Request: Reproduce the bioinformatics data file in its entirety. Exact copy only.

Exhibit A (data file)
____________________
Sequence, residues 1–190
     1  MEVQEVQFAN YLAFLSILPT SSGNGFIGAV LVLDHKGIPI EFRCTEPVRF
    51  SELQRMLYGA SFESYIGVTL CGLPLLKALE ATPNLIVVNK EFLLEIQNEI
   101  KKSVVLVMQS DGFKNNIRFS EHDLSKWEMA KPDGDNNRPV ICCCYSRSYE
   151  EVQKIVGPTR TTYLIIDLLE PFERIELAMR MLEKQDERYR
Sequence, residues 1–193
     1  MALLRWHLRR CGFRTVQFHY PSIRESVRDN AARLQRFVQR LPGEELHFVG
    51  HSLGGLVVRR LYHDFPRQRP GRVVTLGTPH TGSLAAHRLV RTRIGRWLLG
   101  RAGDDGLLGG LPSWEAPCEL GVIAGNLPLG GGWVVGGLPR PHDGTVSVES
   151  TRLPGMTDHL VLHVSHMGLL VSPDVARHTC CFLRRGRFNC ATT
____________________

Sequence, residues 1–190
     1  MEVQEVQFAN YLAFLSILPT SSGNGFIGAV LVLDHKGIPI EFRCTEPVRF
    51  SELQRMLYGA SFESYIGVTL CGLPLLKALE ATPNLIVVNK EFLLEIQNEI
   101  KKSVVLVMQS DGFKNNIRFS EHDLSKWEMA KPDGDNNRPV ICCCYSRSYE
   151  EVQKIVGPTR TTYLIIDLLE PFERIELAMR MLEKQDERYR
Sequence, residues 1–193
     1  MALLRWHLRR CGFRTVQFHY PSIRESVRDN AARLQRFVQR LPGEELHFVG
    51  HSLGGLVVRR LYHDFPRQRP GRVVTLGTPH TGSLAAHRLV RTRIGRWLLG
   101  RAGDDGLLGG LPSWEAPCEL GVIAGNLPLG GGWVVGGLPR PHDGTVSVES
   151  TRLPGMTDHL VLHVSHMGLL VSPDVARHTC CFLRRGRFNC ATT